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Forgotten Zora Neale Hurston Play Produced on Arena Stage

A recently discovered play by a leading African-American writer of the early 20th century made its world premier recently at Washington's Arena Stage. Polk County by Zora Neale Hurston languished in the archives of the Library of Congress for nearly sixty years before it was recognized as a major theatrical work. The play, combined with music, is now being lauded as one of the true voices of rural African-American life.

Polk County which relies heavily on music, although it's not called a musical, but a play with music. Written in 1944 in collaboration with Dorothy Waring, Zora Neale Hurston's story is set in a sawmill camp in central Florida what is still Polk County today, and focuses on the lives of a community of African-American men and women. Zora Neale Hurston, who is largely known for her novels and short stories, knew her subject well. She was inspired by her own personal experiences as a folklore anthropologist in Florida.

"Polk County is a real place," said Cathy Madison, who co-adapted Polk County with Arena Stage director, Kyle Donnelly. "Now we mostly know it as the Orlando area most of Polk County people work for Walt Disney now."

Ms. Madison was working as literary manager for the theater in 1997, when she was alerted by a retired librarian at the Library of Congress of ten unpublished Zora Neale Hurston manuscripts filed away in the library's vaults. She read all ten works and says she was immediately struck by Polk County's theatricality."

"She has such a unique use of language, which is a combination of her own creativity and also the kind of language spoken by rural, southern blacks during that time which was in the 1920s and '30s," she said. "I also loved her depiction of women, because what's kind of funny in this play is it's set on a sawmill lumber camp, you think that the men are going to be the protagonists of the play, in a kind of 'macho' setting. But what actually happens in Polk County is that the women are the strong characters and it's great to see how these women function in this really specific society."

"Also, I just loved the music," she added. "Zora Neale Hurston, actually, in her original script, she suggests about 24 early blues and folk and church songs for the play. I think we ended up using half of what she suggested, but I could see from just reading the text that these songs were so rich and it's not really music that we hear anymore. So I thought that the music alone is enough to make this an exciting production."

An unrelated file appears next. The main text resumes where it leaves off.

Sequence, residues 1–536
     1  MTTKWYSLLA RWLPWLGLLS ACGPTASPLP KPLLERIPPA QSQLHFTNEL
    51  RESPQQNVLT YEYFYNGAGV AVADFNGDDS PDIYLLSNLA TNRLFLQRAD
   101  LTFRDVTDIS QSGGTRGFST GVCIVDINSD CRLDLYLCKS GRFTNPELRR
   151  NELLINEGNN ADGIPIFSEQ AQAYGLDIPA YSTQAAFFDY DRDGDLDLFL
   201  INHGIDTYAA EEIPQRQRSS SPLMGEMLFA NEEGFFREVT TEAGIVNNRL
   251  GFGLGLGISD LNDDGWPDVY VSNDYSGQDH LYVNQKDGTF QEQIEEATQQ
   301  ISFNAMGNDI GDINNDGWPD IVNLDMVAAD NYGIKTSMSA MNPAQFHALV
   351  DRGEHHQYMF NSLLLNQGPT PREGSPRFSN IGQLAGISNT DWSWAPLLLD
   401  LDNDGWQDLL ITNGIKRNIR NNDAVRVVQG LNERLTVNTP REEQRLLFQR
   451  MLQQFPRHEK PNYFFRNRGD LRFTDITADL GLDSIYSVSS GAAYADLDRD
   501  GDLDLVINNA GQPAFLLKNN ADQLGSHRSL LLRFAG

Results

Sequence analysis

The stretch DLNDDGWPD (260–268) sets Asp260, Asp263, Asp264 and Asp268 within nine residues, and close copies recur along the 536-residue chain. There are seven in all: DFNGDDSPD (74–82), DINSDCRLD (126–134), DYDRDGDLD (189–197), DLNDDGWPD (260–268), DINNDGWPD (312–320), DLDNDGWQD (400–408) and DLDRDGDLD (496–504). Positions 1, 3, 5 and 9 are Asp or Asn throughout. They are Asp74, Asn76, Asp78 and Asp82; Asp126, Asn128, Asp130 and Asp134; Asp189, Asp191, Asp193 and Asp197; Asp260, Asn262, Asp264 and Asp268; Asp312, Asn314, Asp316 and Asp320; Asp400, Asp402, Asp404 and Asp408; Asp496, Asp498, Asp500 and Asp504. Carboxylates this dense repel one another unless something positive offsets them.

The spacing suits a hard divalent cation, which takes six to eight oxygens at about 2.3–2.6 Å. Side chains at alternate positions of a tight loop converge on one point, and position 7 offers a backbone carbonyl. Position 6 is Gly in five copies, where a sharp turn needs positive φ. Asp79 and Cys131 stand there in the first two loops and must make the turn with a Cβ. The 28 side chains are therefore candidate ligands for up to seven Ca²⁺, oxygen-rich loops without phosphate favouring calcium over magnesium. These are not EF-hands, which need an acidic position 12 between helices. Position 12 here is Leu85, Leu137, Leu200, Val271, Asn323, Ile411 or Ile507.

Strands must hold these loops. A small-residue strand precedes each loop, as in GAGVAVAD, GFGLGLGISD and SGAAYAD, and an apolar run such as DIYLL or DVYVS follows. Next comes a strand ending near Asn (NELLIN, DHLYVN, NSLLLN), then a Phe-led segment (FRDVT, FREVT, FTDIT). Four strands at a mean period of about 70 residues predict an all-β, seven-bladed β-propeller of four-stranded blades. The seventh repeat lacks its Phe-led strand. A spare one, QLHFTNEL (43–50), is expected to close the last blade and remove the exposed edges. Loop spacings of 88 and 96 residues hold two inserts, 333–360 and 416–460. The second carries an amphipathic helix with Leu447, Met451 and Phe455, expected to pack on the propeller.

The title page of Hurston's original script characterized Polk County as a Comedy of Negro Life on a Sawmill Camp With Authentic Negro Music. Music director Stephen Wade is a composer, performer, recording artist, and scholar of American folk music. For the score, Mr. Wade wrote some original compositions, along with his selection and arrangements of traditional songs. He also assembled a group of 'A-list' musicians who have made their careers playing blues, gospel and other early American folk music.

"What you have, though, is a lot of options in this quartet," he said. "There's slide guitar, and there's finger-pick guitar, and there's harmonica and so it gives that earth quality and that old-time 'reel' and things that came even before the blues, that occur in this show. At the same time there's also a jazzier dimension which the piano and trombone convey. And the difference between Saturday night and Sunday morning are very close in the world of this play and the world in which we live."

Zora Neale Hurston, who first gained fame as one of the leading writers during New York's Harlem Renaissance in the 1920s and '30s, had three successful decades of writing novels, short stories and plays. It remains unclear why her play, Polk County, which was written for a New York production in 1944, never made it to the stage. In recent years, however, Zora Neale Hurston's works have been the subject of great critical and public attention.

The world premier of Polk County has received unanimous praise from critics in Washington and around the country. One wonders if now, 58 years later, Zora Neale Hurston's Polk County will finally make its way to the New York stage.